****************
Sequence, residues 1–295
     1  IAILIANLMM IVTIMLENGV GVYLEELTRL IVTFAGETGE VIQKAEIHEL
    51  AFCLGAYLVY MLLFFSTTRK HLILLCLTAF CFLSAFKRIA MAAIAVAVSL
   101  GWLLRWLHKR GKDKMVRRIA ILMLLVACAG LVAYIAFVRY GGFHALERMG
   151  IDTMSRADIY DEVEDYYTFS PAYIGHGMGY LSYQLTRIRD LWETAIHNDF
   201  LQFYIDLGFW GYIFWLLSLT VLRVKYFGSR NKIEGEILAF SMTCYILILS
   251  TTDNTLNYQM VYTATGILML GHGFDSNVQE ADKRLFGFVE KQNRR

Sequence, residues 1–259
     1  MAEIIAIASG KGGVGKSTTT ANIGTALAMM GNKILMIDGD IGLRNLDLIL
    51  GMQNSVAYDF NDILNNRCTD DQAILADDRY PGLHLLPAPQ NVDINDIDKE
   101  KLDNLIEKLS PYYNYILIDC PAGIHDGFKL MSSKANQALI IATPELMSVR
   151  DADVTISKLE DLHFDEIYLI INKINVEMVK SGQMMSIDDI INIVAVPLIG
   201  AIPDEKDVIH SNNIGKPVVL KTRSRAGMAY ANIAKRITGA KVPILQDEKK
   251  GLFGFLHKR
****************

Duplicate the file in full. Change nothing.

Sequence, residues 1–295
     1  IAILIANLMM IVTIMLENGV GVYLEELTRL IVTFAGETGE VIQKAEIHEL
    51  AFCLGAYLVY MLLFFSTTRK HLILLCLTAF CFLSAFKRIA MAAIAVAVSL
   101  GWLLRWLHKR GKDKMVRRIA ILMLLVACAG LVAYIAFVRY GGFHALERMG
   151  IDTMSRADIY DEVEDYYTFS PAYIGHGMGY LSYQLTRIRD LWETAIHNDF
   201  LQFYIDLGFW GYIFWLLSLT VLRVKYFGSR NKIEGEILAF SMTCYILILS
   251  TTDNTLNYQM VYTATGILML GHGFDSNVQE ADKRLFGFVE KQNRR

Sequence, residues 1–259
     1  MAEIIAIASG KGGVGKSTTT ANIGTALAMM GNKILMIDGD IGLRNLDLIL
    51  GMQNSVAYDF NDILNNRCTD DQAILADDRY PGLHLLPAPQ NVDINDIDKE
   101  KLDNLIEKLS PYYNYILIDC PAGIHDGFKL MSSKANQALI IATPELMSVR
   151  DADVTISKLE DLHFDEIYLI INKINVEMVK SGQMMSIDDI INIVAVPLIG
   201  AIPDEKDVIH SNNIGKPVVL KTRSRAGMAY ANIAKRITGA KVPILQDEKK
   251  GLFGFLHKR